Stripping and Western Blotting Part 1: How Stripping Buffer Works

7 minute read


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How many times can you strip a Western blot?

Stripping buffer works by removing the primary and secondary antibodies from the membrane. Each time you use stripping buffer, you remove a bit of the protein sample too. The number of times a membrane can be stripped and reprobed for Western blotting depends on the stripping protocol you choose and how much of the protein of interest is present. Keep in mind that eventually, the amount of the protein sample lost will be outside the minimum threshold for detection.

With that being said, if a gentle stripping protocol is applied, the process can be repeated more times than with a harsh stripping protocol. In general, a membrane can be stripped about 3 times, though some have reported stripping a membrane up to 10 times. The number of times will depend on a number of factors and can only be determined with testing.

You should always aim to set up your experiment to probe for the lowest expressed protein first. It’s easier to strip smaller amounts of antibody than larger amounts. This will be a two-part blog series. In part one, I am going to cover the main types of stripping methods. Stay tuned for part two!

The three main types of stripping methods we are going to cover in part I are: mild, harsh, and commercial. Let’s go over how long each method should take and what each entails.

Choosing the right stripping buffer

Various factors go into determining which stripping buffer is best suited for any set of conditions. For example, if the protein of interest gives a strong signal, you may want to consider starting with a harsh stripping method. If it is desirable to reuse the primary antibodies after effectively detaching them from the membrane, using a mild stripping method would be ideal.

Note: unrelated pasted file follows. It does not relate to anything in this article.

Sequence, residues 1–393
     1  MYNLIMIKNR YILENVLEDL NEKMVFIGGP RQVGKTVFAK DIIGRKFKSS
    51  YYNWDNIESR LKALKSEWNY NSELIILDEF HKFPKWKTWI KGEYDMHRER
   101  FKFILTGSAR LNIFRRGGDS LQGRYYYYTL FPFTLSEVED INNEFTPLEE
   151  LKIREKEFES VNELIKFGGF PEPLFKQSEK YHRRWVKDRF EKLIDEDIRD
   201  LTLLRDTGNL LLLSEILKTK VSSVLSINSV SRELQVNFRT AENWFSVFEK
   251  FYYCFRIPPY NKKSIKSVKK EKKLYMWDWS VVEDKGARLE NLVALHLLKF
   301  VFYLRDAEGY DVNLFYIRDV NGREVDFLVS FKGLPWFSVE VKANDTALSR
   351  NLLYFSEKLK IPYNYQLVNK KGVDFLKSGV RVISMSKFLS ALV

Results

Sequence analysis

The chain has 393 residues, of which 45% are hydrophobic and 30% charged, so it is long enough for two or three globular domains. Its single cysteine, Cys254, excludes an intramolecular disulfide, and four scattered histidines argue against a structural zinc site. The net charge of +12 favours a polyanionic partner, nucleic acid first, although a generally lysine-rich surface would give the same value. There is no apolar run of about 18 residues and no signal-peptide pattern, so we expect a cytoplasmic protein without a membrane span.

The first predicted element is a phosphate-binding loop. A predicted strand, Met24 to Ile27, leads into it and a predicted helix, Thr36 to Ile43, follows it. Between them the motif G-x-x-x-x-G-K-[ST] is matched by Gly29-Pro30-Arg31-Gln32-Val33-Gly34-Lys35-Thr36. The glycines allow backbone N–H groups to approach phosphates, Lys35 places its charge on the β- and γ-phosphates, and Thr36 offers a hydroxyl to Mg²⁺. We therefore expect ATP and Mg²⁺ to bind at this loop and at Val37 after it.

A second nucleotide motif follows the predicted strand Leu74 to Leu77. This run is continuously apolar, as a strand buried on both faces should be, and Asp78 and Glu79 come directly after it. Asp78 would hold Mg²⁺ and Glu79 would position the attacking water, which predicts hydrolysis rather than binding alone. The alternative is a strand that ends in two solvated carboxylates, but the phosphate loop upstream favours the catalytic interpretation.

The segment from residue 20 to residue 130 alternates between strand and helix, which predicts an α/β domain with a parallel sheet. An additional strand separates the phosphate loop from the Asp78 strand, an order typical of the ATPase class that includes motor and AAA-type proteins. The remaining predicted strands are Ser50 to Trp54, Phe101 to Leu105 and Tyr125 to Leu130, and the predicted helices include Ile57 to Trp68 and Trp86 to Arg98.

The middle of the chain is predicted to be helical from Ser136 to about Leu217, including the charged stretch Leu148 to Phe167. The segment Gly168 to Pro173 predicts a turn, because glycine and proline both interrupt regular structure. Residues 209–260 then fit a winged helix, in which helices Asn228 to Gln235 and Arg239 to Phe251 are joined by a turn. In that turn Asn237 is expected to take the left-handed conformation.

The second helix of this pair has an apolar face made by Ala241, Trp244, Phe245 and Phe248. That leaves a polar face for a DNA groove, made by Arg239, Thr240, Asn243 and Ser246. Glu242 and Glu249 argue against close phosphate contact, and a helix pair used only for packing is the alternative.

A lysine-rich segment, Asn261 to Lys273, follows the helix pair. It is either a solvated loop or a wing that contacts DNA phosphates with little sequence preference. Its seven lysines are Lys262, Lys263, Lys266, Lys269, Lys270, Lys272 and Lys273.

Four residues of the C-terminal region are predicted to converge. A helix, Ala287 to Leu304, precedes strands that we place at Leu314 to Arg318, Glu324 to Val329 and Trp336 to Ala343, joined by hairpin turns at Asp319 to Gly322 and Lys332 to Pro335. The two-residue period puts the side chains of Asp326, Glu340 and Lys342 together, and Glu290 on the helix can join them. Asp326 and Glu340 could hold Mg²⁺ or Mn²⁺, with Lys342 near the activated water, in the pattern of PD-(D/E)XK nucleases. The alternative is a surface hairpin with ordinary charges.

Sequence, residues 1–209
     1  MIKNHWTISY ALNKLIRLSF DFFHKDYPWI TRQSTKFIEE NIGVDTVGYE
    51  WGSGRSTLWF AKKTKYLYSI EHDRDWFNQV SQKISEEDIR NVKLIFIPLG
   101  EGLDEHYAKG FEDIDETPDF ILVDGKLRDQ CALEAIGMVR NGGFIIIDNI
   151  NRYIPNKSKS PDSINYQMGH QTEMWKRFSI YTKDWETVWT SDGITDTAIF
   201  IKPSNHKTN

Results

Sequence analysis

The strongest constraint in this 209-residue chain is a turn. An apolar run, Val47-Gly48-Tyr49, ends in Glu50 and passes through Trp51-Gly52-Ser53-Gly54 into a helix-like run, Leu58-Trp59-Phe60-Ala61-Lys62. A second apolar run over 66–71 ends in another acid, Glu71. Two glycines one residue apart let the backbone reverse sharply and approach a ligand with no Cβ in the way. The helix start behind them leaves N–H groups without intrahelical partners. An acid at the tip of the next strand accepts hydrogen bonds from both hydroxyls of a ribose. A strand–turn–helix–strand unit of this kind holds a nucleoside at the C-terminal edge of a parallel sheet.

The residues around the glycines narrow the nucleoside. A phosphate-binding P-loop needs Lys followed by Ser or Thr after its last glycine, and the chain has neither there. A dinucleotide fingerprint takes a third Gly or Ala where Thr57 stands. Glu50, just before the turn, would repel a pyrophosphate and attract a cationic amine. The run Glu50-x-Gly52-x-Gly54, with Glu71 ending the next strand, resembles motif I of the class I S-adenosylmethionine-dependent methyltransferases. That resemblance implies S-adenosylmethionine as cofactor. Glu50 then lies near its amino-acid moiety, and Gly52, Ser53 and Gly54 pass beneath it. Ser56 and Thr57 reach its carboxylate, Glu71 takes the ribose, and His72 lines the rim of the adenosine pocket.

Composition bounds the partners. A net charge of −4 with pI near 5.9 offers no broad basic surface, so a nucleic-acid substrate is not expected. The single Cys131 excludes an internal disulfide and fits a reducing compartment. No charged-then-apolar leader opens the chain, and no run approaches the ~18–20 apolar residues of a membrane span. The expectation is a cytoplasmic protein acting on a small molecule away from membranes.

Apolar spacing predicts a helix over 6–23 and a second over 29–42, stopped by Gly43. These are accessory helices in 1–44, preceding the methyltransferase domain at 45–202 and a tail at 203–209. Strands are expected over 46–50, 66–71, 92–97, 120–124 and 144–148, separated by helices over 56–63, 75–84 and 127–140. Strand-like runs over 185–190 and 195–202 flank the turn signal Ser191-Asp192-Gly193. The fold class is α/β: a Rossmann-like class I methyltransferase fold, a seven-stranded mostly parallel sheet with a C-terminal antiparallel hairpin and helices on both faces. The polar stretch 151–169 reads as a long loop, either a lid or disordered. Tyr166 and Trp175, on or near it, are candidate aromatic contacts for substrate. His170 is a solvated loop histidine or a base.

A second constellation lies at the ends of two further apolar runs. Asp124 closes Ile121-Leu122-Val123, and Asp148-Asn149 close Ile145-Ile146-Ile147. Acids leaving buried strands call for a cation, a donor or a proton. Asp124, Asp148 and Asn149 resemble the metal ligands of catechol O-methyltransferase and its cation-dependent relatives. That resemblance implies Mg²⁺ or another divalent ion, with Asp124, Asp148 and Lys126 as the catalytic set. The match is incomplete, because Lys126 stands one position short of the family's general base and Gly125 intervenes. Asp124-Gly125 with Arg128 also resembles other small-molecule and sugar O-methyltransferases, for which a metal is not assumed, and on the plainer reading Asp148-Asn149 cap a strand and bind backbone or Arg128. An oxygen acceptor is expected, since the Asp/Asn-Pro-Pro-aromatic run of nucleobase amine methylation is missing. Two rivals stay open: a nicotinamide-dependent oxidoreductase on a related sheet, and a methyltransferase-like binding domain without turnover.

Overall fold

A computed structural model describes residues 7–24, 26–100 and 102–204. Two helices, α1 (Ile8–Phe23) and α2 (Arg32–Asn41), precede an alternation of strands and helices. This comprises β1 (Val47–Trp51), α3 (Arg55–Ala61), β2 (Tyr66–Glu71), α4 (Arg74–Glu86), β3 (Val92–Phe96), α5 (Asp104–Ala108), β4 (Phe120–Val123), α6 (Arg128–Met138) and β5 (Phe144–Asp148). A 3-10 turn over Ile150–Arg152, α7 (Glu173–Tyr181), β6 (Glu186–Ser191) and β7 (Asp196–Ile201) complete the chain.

If it is not clear which stripping buffer to choose, consider testing a mild stripping buffer first and switch to a harsher method if this is unsuccessful.

Western blot comparison showing stripping and reprobing results (right)
Blot was probed for phospho-STAT1 then stripped and reprobed for STAT1 using Azure Stripping Buffer. Lanes: Ladder, 1) 10 μg untreated HeLa lysate, 2) 10 μg IFNα-treated, 3) 20 μg untreated, 4) 20 μg IFNα-treated.

The above Western blot was probed for phospho-STAT1, then stripped and reprobed for STAT1 using a ready-to-use stripping buffer from Azure. It comes in a 500mL bottle and is made to remove primary and secondary antibodies.

What to do after using stripping buffer on your Western blot

After using a stripping buffer, test its effectiveness by probing with a secondary antibody alone and using chemiluminescent substrates to detect any signal. If the stripping process was successful, no signal should be detected.

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Scientist choosing settings on Azure 600
The Azure 600 is the only system that offers two channel laser based IR detection, chemiluminescent detection with the speed and sensitivity of film, and the ability to image visible fluorescent dyes, standard EtBr and protein gels.

In the part II of this Stripping and Western Blotting series, I’ll discuss the scenarios where you’d want to strip and reprobe. Read it here.

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New to Western blotting? Need to troubleshoot your Western blot?​ Want to brush up on Western blotting best practices? Claim your free Western Blotting eBook!


  1. Davis, S. “Western Blot Membrane Stripping.” St John’s Laboratory, 12 November 2020, Accessed 24 September 2022.

  2. van Geldermalsen, Michelle. “Get your stripping stripes! Find out how to strip and re-blot your Western.” Bitesize Bio, 5 August 2014, Accessed 24 September 2022. 

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